Bring the sauce to a boil over medium-high heat, stirring occasionally; then lower the heat to a slow simmer. Simmer sauce for 30 minutes or longer if desired. I like to simmer the sauce until I see that oil has risen to the top. Stir occasionally to prevent sticking.
Server over pasta, or use in the baked penne, or in lasagna. Note: I often use a Crock-Pot to make this sauce. If you use a Crock-Pot, brown the sausage and onion in a large skillet. Add the cooked sausage and onion to the Crock-Pot, using the water to scrape up the brown bits with them. Add the remaining ingredients according to the above directions, and stir. Cook on HI for 4-5 hours, then switch to LO for 1-2 hours or until ready to use, or cook on LO for 7-8 hours.
Baked Penne with Meat Sauce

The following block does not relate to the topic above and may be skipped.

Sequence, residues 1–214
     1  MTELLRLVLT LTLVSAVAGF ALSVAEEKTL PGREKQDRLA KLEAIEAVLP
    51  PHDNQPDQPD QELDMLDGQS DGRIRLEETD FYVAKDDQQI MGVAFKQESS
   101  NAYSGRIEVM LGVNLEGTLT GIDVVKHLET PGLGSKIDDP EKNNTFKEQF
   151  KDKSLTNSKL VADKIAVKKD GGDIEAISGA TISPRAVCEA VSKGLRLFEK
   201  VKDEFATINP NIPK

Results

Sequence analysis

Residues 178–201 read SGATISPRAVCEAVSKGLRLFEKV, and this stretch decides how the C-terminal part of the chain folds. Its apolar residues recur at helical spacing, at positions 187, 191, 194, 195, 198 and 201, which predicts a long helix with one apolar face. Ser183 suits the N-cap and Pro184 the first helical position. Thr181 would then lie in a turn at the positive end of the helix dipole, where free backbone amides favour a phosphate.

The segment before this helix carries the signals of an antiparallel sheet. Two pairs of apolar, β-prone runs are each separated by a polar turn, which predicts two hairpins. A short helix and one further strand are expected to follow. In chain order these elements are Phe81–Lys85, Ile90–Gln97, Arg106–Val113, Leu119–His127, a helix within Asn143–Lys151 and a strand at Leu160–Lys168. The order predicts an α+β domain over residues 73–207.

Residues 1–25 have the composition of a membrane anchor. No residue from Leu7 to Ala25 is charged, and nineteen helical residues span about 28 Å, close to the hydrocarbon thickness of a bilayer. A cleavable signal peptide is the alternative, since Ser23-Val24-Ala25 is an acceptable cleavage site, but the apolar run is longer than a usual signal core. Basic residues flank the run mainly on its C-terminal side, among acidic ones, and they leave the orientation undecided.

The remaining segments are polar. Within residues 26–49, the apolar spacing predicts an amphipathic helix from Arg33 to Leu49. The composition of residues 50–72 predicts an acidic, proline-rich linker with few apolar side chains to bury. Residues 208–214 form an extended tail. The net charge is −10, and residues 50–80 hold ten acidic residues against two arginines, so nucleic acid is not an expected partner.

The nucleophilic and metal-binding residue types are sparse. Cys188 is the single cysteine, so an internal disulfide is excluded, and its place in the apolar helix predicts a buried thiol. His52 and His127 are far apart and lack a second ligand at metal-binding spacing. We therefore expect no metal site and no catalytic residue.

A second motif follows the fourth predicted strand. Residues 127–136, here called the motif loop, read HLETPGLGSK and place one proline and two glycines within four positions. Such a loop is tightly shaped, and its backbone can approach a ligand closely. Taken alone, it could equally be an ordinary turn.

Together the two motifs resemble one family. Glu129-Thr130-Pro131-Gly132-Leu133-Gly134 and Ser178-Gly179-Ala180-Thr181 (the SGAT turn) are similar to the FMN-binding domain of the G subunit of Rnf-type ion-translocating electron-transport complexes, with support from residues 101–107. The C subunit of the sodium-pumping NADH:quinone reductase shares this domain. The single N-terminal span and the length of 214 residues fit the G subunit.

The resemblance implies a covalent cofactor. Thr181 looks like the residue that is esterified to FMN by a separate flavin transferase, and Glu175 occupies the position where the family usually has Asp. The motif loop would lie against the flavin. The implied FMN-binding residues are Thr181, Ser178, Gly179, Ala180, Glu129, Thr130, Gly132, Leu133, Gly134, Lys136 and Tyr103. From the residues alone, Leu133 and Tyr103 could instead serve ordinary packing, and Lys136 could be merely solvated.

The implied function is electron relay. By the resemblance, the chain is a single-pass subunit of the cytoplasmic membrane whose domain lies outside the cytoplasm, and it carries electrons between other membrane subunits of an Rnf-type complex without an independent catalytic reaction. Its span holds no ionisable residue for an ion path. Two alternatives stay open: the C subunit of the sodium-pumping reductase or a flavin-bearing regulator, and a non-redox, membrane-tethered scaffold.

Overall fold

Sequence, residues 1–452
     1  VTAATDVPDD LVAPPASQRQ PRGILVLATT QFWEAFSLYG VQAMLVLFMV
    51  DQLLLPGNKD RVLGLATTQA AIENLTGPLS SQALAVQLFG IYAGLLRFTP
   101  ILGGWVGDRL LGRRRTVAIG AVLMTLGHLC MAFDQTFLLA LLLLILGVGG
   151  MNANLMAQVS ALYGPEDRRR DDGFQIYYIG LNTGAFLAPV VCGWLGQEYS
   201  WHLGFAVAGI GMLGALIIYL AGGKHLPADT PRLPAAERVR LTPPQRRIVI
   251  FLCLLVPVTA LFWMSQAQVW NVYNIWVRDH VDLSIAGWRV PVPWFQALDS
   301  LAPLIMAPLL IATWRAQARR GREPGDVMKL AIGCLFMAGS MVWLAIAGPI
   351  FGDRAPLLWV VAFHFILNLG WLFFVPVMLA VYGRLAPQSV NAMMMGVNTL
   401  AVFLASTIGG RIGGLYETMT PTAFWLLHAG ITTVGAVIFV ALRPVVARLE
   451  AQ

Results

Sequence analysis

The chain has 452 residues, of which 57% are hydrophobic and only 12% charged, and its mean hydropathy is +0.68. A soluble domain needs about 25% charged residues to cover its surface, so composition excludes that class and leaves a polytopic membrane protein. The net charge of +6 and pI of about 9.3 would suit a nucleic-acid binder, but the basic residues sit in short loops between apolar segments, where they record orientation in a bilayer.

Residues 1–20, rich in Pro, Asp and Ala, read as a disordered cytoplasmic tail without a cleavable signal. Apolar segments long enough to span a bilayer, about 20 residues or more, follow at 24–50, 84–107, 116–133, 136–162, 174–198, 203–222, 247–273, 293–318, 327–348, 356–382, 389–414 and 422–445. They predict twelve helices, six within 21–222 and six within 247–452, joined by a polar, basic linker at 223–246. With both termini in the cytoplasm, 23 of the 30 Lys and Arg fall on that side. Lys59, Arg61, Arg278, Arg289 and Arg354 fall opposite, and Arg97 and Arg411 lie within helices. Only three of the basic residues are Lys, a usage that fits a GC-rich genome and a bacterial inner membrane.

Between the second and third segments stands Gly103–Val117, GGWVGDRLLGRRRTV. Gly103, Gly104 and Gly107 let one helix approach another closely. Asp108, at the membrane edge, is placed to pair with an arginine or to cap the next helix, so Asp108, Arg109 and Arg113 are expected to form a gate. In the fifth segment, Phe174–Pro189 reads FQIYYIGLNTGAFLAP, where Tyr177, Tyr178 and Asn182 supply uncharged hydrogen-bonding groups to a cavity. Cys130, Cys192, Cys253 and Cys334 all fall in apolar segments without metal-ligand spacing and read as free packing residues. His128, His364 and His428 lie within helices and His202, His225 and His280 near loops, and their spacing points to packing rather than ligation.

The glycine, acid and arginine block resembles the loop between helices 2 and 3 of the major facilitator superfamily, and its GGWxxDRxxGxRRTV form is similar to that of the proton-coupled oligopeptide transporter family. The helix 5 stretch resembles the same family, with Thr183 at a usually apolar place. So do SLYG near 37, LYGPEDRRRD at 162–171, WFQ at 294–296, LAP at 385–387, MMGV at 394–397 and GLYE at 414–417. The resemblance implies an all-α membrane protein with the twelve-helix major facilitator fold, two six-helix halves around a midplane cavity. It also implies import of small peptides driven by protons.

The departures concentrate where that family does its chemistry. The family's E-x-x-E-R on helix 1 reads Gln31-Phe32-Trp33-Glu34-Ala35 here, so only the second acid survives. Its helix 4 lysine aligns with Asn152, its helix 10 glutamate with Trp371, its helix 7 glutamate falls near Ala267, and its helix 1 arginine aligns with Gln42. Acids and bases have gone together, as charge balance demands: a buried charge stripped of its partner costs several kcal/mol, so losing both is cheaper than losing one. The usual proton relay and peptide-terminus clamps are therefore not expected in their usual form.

- 1 pound gluten-free penne or ziti
- 12-16-ounce ball of low-moisture mozzarella cut into 1/2 inch cubes, or 12-16 ounces shredded mozzarella
- 3/4 cup grated Romano or Parmesan cheese
- Sausage from the tomato sauce
- 3-4 cups tomato sauce
Preheat oven to 375 degrees.
Remove half of the sausage pieces from the tomato sauce. Slice the sausage and set aside.
Add 1 teaspoon of salt to a large pot of water and bring to a boil. Add the penne or ziti and cook for about 6 or 7 minutes. The past should be harder than al dente because the pasta will continue to cook when baked. Strain the pasta and return it to the pot.